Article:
L IS FOR LOVE AND LIKE
“Love” is the obvious word here. But with all due respect to love, it’s probably a little too obvious for my tastes. Don’t get me wrong, I love love, but it often clouds the real issue at the heart of a relationship.
“Love” is the obvious word here. But with all due respect to love, it’s probably a little too obvious for my tastes. Don’t get me wrong, I love love, but it often clouds the real issue at the heart of a relationship. You’ve heard that love covers a multitude of sins? Maybe that’s the problem.
The “multitude of sins” is what erodes the integrity of a relationship. I touched on this a bit in January when I wrote about Betrayal. It’s not necessarily the gigantic elephant-in-the-room betrayals that destroy a relationship. It’s the little ones, the day-after-day ones that chip away at trust and lead husbands and wives to question commitment to wives and husbands.
Love, however, has remarkable endurance. It survives more often than it doesn’t. Love is the reason couples come into my office. It’s because couples love each other that they’re in pain. It’s because of love that diminished trust and commitment are so distressing. Love is the tie that binds, and because it is so foundational and so constant, it is easy to take it for granted. It’s easy to assume love. It’s obvious. But sometimes love sometimes misses the point.
Yesterday, my wife and I got into it. We were due for a fight and we went for it. We both raged for a hot minute. Yelled across two rooms to make sure we were “heard.” She got critical. I got defensive. Typical stuff. The natural progression of a fight like this is that, one of us – usually me – will start cleaning the house in a huff. Yesterday, I made the bed. Swept the kitchen. Started unloading the dishwasher and eventually ran out of steam. This too is typical and at this point, one of us – usually my wife – offers a hug. So we’ll hug. She’ll say, “I love you.” And I’ll cringe.
Yesterday, when my wife said, “I love you,” the words stung. Not because they weren’t true. And not because they weren’t what I wanted to hear. It’s just that, I know my wife loves me. What I really need, is to know that she likes me. I need to know that she enjoys, respects, admires, and appreciates me. And to be fair, I need her to know that I enjoy, respect, admire, and appreciate her. This is what I mean when I suggest that sometimes love misses the point.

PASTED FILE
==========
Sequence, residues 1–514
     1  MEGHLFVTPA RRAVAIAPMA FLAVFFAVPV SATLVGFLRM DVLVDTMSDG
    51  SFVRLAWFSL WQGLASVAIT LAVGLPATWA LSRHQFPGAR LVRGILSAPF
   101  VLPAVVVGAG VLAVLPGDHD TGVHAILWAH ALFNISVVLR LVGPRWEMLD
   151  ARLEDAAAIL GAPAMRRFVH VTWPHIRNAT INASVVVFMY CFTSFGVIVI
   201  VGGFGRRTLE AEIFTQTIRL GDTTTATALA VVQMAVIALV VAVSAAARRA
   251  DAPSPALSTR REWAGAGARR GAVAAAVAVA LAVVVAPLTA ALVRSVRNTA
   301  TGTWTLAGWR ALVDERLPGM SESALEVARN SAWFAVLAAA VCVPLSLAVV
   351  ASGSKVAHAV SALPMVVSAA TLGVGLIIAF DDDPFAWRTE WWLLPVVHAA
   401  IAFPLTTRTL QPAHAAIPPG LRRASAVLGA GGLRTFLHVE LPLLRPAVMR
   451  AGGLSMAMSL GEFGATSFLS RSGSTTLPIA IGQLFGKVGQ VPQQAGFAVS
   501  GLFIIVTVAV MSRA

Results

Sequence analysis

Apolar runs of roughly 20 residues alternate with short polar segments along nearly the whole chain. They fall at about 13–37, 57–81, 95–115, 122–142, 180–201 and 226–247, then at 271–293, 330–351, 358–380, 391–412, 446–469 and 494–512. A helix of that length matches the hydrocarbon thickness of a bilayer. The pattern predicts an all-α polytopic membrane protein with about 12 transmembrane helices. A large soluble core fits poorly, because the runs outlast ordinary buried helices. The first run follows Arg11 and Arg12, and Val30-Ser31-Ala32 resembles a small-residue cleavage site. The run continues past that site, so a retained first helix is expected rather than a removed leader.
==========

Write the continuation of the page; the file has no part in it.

Tell me if you’ve heard this one before: “I still love him. I’m just not in love with him.” You’ve heard it before. I know you have. It’s among the most cliche of cliches. What does that even mean? What’s the difference between “love” and “in love?” I believe it’s the difference between “love” and “like.”
In my Imagination post, I offered a quick look at architectural integrity of Dr. Gottman’s model of the Sound Relationship House. As I said then, the SRH derives its integrity from the twin pillars of trust and commitment. The whole structure deserves a full inspection, but for now, it’s worth noting that the house’s foundation is in “liking” each other.
Notice how the bottom level of the SRH emphasizes the relational friendship:
- Build Love Maps: Know your partner’s world. Become an expert in her likes and dislikes. Listen to his stories. Again. Know about her dreams as well as her fears. Care about his favorite movies and his least favorite food.
- Share Fondness & Admiration: Let your partner know that you’re proud of them. Notice their creativity, intelligence, empathy. Out loud. Say: “Well done,” “You look hot,” “Thank you.”
- Turn Towards Instead of Away: Hold hands. Answer his questions. Ask her opinion. Laugh at his jokes. Meet her eyes.
All of these things lead to what Gottman calls The Positive Perspective, or Positive Sentiment Override (PSO) , which is essential for managing and surviving conflict. In the same way that a multitude of sins chip away at a relationship, PSO protects and fortifies your friendship and helps you survive those days when you’re due for a fight.
It’s important to say, “I love you.” One of the early signs that a relationship is failing is that couples stop telling each other. They simply stop saying the words. So don’t stop. But also, don’t stop at, “I love you.”
My wife and I survived yesterday. It was just one of those days. And I know that “those days” can add up for couples and sometimes feel overwhelming. But days like these have taught us a new skill, or at least a new phrase: “I love you and I like you.”
It might not be as obvious, but it helps.